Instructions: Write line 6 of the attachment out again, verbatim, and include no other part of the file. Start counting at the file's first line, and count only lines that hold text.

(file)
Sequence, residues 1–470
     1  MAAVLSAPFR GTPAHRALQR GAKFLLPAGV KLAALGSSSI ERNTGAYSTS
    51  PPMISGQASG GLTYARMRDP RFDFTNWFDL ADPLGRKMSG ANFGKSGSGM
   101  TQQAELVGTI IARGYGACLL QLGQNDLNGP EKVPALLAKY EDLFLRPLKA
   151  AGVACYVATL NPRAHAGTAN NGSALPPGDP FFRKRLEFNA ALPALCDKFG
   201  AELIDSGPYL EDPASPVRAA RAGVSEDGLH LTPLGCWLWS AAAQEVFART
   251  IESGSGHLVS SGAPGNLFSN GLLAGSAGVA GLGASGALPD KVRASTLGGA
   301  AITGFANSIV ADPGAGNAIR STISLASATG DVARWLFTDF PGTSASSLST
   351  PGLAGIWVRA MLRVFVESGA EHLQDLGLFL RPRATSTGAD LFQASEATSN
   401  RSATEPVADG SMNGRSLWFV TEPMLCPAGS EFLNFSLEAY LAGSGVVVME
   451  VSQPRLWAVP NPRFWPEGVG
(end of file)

   201  AELIDSGPYL EDPASPVRAA RAGVSEDGLH LTPLGCWLWS AAAQEVFART